May 5, 2014 at 10:25 am EST | by Staff reports
Focus on diversity at White House dinner
Kevin Naff, Michael K. Lavers, Chris Johnson, Lou Chibbaro, Washington Blade, gay news, White House Correspondent's Dinner

Washington Blade editor Kevin Naff with reporters Michael Lavers, Chris Johnson and Lou Chibbaro Jr. at Saturday’s White House Correspondents’ Dinner.

The centennial celebration of the White House Correspondents’ Association Dinner offered more than jokes and celebrity selfies.

Amid Saturday evening’s humor came a few moments of reflection as WHCA President Steven Thomma addressed the organization’s discriminatory past.

Thomma focused on diversity in his speech and the changes that have come to the business of covering the president. Noting that the WHCA was formerly an all-white male institution, he acknowledged, “We denied membership to blacks” and rigged the membership rules so black journalists couldn’t join.

The first black journalist to cover a White House press conference was Harry S. McAlpin in 1944. He ignored the objections of fellow journalists and entered the Oval Office where he met President Roosevelt, who shook his hand and said, “Harry, I’m glad you are here.”

Thomma announced at Saturday’s dinner a new scholarship created to honor McAlpin, whose son was in the audience. The WHCA also granted McAlpin posthumous membership to its ranks.

“We’re going through a major and significant change in the media,” Thomma continued, adding that the WHCA board is now half women and includes “faces of color” as well as representation from new media outlets.

“This year for the first time we added to the press pool a gay newspaper,” Thomma said, acknowledging the recent addition of the Washington Blade to the pool.

President Obama also referenced gays joining the WHCA’s ranks during his remarks.

“What tonight also reminds us is that the fight for full and fair access goes beyond the chance to ask a question,” Obama said. “Decades ago, an African American who wanted to cover his or her president might have been barred from journalism school, been burdened by Jim Crow and banned from press conferences.”

Obama continued, “For over 100 years, even as the White House Correspondents’ Association has told the story of America’s progress, you’ve lived it too, gradually allowing equal access to women, minorities and gays.”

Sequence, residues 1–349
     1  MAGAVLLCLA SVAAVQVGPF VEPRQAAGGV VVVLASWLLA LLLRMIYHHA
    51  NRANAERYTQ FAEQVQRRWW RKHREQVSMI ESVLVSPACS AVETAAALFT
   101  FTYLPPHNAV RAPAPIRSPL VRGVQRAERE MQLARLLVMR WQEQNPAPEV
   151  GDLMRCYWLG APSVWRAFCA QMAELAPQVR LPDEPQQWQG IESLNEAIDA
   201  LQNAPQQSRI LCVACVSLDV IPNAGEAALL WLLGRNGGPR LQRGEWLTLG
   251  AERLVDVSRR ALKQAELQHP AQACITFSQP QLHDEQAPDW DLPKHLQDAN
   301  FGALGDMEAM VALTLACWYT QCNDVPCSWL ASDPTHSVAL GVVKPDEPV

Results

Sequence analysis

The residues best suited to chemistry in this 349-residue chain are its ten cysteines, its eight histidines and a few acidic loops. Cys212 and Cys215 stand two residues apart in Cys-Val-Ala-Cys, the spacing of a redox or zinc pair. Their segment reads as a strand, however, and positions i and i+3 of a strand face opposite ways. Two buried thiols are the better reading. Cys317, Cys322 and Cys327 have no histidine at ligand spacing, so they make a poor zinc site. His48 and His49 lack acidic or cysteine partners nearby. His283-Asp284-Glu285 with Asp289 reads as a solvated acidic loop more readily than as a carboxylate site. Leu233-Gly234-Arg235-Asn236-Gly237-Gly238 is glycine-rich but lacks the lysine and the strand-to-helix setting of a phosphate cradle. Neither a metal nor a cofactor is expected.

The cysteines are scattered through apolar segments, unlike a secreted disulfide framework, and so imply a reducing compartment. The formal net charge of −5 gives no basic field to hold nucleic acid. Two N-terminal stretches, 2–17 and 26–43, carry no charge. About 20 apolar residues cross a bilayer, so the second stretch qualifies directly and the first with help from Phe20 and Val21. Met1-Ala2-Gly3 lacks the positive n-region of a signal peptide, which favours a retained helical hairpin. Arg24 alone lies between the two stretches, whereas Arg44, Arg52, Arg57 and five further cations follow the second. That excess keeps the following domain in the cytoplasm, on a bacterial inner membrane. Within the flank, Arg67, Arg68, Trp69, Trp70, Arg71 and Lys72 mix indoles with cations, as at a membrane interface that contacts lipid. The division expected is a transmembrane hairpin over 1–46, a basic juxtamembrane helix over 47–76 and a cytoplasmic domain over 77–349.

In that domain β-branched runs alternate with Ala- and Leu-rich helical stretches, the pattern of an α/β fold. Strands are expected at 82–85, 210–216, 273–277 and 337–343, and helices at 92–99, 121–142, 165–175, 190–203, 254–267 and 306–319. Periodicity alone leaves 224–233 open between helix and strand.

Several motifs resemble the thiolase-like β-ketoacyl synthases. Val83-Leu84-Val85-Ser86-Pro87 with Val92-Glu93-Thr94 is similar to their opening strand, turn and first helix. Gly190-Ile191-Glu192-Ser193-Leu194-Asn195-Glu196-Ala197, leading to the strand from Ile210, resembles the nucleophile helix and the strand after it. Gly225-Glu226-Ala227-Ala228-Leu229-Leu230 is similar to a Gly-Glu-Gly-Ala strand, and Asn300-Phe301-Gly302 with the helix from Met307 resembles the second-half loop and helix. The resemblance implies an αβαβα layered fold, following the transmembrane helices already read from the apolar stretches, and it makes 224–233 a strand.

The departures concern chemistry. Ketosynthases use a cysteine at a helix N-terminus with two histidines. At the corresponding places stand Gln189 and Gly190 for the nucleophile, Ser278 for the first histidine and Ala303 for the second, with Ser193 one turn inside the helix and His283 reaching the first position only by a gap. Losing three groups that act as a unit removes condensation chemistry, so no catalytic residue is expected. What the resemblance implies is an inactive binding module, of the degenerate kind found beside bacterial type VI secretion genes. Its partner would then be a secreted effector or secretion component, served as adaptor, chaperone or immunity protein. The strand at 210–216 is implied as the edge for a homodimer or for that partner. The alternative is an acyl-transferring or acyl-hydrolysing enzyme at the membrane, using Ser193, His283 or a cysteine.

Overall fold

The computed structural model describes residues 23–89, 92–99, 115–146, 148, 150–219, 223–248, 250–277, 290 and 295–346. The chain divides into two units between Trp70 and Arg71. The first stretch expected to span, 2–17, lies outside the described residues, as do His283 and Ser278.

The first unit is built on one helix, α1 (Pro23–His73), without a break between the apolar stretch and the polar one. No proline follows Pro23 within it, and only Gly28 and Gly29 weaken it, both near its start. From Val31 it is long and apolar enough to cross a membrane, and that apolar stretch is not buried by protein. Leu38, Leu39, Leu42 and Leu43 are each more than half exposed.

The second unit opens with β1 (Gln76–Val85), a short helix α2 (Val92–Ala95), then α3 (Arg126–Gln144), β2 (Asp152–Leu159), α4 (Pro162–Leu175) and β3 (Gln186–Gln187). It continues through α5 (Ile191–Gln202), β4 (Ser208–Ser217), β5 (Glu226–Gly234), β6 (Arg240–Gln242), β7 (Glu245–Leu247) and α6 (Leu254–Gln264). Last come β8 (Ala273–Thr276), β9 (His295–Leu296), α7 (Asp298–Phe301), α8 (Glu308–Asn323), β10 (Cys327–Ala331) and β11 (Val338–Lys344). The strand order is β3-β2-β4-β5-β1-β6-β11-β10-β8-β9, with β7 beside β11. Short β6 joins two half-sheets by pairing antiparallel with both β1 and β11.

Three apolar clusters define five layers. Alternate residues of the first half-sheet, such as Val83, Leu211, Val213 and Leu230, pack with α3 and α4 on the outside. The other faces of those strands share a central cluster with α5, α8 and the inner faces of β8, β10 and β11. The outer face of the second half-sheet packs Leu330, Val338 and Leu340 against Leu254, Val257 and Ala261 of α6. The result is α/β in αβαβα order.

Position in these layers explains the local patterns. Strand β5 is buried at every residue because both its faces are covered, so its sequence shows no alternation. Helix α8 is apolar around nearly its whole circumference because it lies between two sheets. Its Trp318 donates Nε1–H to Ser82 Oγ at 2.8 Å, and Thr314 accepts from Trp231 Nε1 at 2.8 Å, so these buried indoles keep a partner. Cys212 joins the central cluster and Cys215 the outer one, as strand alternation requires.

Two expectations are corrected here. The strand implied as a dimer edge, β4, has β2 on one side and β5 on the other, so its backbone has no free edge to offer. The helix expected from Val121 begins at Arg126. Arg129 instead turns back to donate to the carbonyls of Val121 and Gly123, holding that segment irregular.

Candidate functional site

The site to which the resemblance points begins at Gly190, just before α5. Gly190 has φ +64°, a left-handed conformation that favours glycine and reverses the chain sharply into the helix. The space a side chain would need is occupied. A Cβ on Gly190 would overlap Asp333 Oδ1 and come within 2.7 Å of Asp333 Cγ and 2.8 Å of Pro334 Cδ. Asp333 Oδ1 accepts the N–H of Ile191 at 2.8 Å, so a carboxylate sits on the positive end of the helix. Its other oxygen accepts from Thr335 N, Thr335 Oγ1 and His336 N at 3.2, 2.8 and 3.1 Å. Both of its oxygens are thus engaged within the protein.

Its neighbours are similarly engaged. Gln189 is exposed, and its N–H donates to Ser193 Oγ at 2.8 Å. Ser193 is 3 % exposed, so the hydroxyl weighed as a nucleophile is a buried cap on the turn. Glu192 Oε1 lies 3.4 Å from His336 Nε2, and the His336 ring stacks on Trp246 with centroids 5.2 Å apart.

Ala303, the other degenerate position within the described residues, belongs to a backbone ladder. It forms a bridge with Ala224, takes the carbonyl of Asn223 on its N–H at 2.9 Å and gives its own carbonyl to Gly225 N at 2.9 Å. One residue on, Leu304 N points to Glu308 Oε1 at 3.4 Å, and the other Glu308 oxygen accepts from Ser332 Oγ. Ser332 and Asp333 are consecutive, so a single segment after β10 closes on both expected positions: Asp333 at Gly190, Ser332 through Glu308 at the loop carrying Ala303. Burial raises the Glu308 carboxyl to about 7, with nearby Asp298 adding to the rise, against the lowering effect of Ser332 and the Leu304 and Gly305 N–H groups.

Four Blade staff members attended the dinner: editor Kevin Naff and reporters Lou Chibbaro Jr., Chris Johnson and Michael Lavers.

“We’re grateful to Steven Thomma for acknowledging the Blade’s addition to the press pool during the dinner,” said Naff. “The struggle of the LGBT press to gain access to the government institutions we cover has been long and sometimes frustrating, so to be present for that moment was moving and meaningful for all of us.”

The Blade was recently added to the in-town press pool, marking the first time the White House Correspondents’ Association has extended the honor to an LGBT outlet. Johnson has served as the Blade’s reporter in the pool this year. Chibbaro was first credentialed at the White House during the Reagan administration but did not serve in the pool of reporters that shadow the president when he leaves the White House.

The Blade has had a complicated history with the White House press corps. Its credentials were revoked during the second term of the George W. Bush administration but promptly reinstated when Barack Obama was sworn in.

“When I began writing for the Blade as a freelancer and later as a staff reporter more than 30 years ago it would have been unimaginable to witness a U.S. president and the head of the White House Correspondents’ Association acknowledge and welcome a gay newspaper into the ranks of the White House press pool,” Chibbaro said. “Back in the 1980s, during the Reagan administration, we considered it a major advancement to be occasionally approved for a one-day temporary pass to gain access to the White House press briefing room.”

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